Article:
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Effective communication is one of the most important components of successful teaching (online or face-to-face). Meaningful dialogue between teacher and student and amongst students can increase student motivation and enhance the learning environment.

Establishing a sense of community, where contributions are respected and valued and individuals feel safe to express themselves to others, is as important in an online setting as it is in the face-to-face classroom.

Many teachers new to online instruction believe that the opportunity to communicate with their students and the ability for students to engage in dialogue amongst themselves is reduced in the online environment. However, the reverse can actually be true. The opportunity for communication is greater than in the classroom because physical and temporal limitations vanish in the online classroom.

Studies have shown that participation actually increases in well designed online settings. Shy students can be encouraged to participate in online discussions whereas they might never contribute in a classroom setting.

Communication can occur synchronously (at the same time) or asynchronously (different times) and may either be one-to-one (e.g., via email) or one-to-many (e.g., threaded discussion forums, chat rooms, etc.).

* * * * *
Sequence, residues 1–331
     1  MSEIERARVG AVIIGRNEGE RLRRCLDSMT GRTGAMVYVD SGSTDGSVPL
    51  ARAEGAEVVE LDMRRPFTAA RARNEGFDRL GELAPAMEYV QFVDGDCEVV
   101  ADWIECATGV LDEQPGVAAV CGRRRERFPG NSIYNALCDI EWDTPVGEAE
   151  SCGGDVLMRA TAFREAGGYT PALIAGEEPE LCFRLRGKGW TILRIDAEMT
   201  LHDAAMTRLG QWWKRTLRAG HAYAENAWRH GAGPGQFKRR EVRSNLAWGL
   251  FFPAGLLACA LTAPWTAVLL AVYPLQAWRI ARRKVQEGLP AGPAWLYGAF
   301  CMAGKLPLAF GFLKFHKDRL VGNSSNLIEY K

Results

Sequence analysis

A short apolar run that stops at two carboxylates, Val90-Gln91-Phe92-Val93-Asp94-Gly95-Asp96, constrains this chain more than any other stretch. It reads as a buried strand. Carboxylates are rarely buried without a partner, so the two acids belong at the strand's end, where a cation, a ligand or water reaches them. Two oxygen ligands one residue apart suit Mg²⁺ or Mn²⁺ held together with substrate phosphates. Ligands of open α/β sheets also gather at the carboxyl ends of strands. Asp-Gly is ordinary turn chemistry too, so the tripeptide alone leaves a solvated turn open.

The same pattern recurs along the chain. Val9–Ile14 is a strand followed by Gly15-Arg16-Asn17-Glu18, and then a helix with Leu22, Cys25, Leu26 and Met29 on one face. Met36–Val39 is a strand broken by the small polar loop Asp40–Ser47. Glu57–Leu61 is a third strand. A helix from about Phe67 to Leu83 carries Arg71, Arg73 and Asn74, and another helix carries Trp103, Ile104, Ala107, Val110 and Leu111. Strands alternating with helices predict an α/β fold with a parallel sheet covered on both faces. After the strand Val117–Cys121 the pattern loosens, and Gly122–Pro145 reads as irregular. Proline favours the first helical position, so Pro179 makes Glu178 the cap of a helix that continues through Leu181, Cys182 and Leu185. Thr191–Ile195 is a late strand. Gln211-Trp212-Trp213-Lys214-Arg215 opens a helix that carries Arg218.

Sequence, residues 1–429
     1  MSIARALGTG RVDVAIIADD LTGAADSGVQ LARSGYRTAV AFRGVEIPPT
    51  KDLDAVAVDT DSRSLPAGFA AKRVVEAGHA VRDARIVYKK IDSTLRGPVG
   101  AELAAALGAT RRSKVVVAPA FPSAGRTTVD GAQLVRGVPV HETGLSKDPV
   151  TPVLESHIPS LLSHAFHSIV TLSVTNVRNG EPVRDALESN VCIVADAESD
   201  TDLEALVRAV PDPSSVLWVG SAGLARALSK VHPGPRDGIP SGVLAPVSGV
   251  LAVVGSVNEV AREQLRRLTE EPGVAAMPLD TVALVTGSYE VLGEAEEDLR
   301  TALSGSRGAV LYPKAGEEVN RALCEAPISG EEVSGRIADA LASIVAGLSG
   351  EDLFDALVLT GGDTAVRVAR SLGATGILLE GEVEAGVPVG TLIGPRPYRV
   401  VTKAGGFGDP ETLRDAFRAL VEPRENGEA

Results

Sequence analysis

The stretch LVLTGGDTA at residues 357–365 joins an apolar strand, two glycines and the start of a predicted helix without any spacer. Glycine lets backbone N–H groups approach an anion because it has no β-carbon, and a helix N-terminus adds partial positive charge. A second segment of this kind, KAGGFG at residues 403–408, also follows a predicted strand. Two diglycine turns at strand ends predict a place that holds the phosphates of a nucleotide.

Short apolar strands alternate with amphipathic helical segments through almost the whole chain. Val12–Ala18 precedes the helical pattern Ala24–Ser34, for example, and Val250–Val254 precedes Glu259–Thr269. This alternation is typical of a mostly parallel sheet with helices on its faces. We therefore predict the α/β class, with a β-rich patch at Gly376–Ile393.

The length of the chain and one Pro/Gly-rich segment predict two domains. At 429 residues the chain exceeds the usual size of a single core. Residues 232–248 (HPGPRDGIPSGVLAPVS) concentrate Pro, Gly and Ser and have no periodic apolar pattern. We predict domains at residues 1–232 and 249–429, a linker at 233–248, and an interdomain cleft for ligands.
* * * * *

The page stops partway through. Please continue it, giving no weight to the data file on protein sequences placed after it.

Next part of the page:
Given the nature of asynchronous discussions, the depth and quality of the discussion can be enhanced as students have time to think about a point or issue before they respond and topics and discussions can be examined over time.

The instructional strategies used to assist learning generally depend on one or more of three basic modes of dialogue and communication:

  • dialogue between teacher and learner
  • dialogue between the learner and the instructional resources
  • dialogue between and among learners.

For a look at some strategies for encouraging online communication check out our "Tips and Strategies: Online Communication" page.

Check out our specific activities to promote online discussion page for some more ideas.

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Last updated April 13, 2001 © Copyright
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